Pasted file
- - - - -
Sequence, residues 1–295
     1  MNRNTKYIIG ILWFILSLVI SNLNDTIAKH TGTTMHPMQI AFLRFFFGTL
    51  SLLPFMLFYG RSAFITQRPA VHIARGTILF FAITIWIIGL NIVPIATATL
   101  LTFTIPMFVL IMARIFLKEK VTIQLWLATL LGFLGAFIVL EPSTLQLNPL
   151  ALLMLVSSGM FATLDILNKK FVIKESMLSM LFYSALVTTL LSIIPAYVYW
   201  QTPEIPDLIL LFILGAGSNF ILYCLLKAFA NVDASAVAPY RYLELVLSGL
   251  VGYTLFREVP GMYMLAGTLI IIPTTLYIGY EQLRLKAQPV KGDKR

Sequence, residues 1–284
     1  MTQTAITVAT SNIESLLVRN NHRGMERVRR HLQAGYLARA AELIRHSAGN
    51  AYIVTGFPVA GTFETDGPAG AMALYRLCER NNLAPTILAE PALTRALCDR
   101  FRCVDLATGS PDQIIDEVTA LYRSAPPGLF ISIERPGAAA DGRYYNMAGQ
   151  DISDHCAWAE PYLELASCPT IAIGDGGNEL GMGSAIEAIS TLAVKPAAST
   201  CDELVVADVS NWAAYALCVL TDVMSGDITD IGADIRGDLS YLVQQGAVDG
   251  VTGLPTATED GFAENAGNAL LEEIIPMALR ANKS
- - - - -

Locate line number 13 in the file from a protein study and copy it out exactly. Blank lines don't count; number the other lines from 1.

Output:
   201  CDELVVADVS NWAAYALCVL TDVMSGDITD IGADIRGDLS YLVQQGAVDG